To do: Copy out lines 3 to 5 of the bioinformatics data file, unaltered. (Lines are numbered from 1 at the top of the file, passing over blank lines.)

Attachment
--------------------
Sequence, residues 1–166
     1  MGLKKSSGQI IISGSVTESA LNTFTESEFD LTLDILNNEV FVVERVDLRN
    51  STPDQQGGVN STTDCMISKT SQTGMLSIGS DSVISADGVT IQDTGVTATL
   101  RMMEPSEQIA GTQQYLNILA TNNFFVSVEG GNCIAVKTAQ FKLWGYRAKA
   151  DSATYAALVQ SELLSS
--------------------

    51  STPDQQGGVN STTDCMISKT SQTGMLSIGS DSVISADGVT IQDTGVTATL
   101  RMMEPSEQIA GTQQYLNILA TNNFFVSVEG GNCIAVKTAQ FKLWGYRAKA
   151  DSATYAALVQ SELLSS